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A letter to the prime minister on climate change

  • Published at 07:08 pm October 3rd, 2015
A letter to the prime minister on climate change

Honourable Prime Minister Sheikh Hasina,

I would like to congratulate you on receiving the Champions of the Earth award at the UN this week.

Bangladesh has long been the poster-child for climate impact. But as you highlighted when you accepted the prestigious award, this is only one side of the story. Bangladesh also firmly stands as a story of people’s resilience and strength in the face of great injustice and (un)natural devastation.

The UNEP has rightly celebrated your various policy leadership -- such as the Bangladesh Climate Change Strategy and Action Plan, earmarking domestic funding for climate adaptation efforts, and solar expansion through the likes of IDCOL. This should be welcomed by anyone who understands the importance of policy support in furthering progressive change.

Yet, honourable prime minister, you have yourself spoken about the incredible scale and urgency of addressing climate change. Let us not mince words -- what is required of us is a revolutionary transformation of our energy systems to a fully renewable energy-powered world, by the time that I, a young citizen now, can expect to become a senior citizen.

The latest science says nothing less will save us from our own destructive ways, as I’m certain you are well aware.

As an internationally recognised leader, the remarkably difficult task of leading this transition falls upon you and others who have been calling attention to climate change for a long time.

And this difficult task will require bold leadership and tough choices. There are two dimensions to this -- international and domestic.

On the international front, we are now only two months from the Paris climate summit, where a new global treaty will be signed. This moment represents a rare and valuable opportunity to set a foundation and the architecture to manage this transition in a way that causes the least amount of disruption and shock to the global economic system.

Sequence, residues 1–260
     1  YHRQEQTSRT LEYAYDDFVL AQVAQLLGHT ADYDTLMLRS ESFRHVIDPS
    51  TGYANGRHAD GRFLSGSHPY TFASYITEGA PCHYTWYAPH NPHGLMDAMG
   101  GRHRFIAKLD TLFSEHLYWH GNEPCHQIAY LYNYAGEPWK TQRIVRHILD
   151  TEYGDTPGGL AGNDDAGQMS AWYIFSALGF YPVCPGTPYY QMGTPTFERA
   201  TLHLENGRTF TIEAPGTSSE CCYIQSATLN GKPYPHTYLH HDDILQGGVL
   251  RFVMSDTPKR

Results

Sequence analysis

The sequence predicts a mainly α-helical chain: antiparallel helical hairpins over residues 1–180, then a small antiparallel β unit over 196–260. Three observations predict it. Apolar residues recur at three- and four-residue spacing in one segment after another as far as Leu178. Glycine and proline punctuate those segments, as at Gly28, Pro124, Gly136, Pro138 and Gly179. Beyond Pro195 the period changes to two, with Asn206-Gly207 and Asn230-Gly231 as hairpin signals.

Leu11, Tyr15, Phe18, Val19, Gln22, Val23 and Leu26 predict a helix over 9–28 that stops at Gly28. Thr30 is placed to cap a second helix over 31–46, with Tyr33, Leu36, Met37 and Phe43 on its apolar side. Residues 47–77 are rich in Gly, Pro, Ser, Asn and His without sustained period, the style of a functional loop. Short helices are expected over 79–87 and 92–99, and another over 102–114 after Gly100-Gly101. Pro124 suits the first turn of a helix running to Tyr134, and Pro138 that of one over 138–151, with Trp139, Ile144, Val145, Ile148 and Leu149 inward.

To do that, Paris needs to set a guiding star for the entire world -- a progressive, visionary goal of a 100% clean energy future for everyone by 2050, and a mechanism to get there by increasing concrete country commitments towards achieving this goal every five years as political and technological circumstances unfold.

I hope Bangladesh will be pushing hard for this outcome, in addition to much-needed financial aid and support to the poorest and most vulnerable countries. We first need to ensure we stay afloat as a nation to be able to use that financial aid.

Bangladesh’s voice in the climate negotiations has long been well-respected, so our stance matters greatly. However, recent controversial comments made by the minister of environment have been unfortunate and threaten our reputation and credibility in the international arena.

In the last round of UN climate talks in Lima, Peru, where I was privileged to attend, I was excited to meet with several attending ministers from our government, but I was disheartened when I failed to engage them in constructive conversation. Rather, many of them even left the conference venue to experience what shopping and sightseeing opportunities Lima had to offer, while many civil society leaders in Bangladesh who are respected veterans of the negotiations were not included in the delegation.

Honourable prime minister, I hope that you will ensure the strongest possible Bangladeshi delegation for Paris -- there is far too much at stake.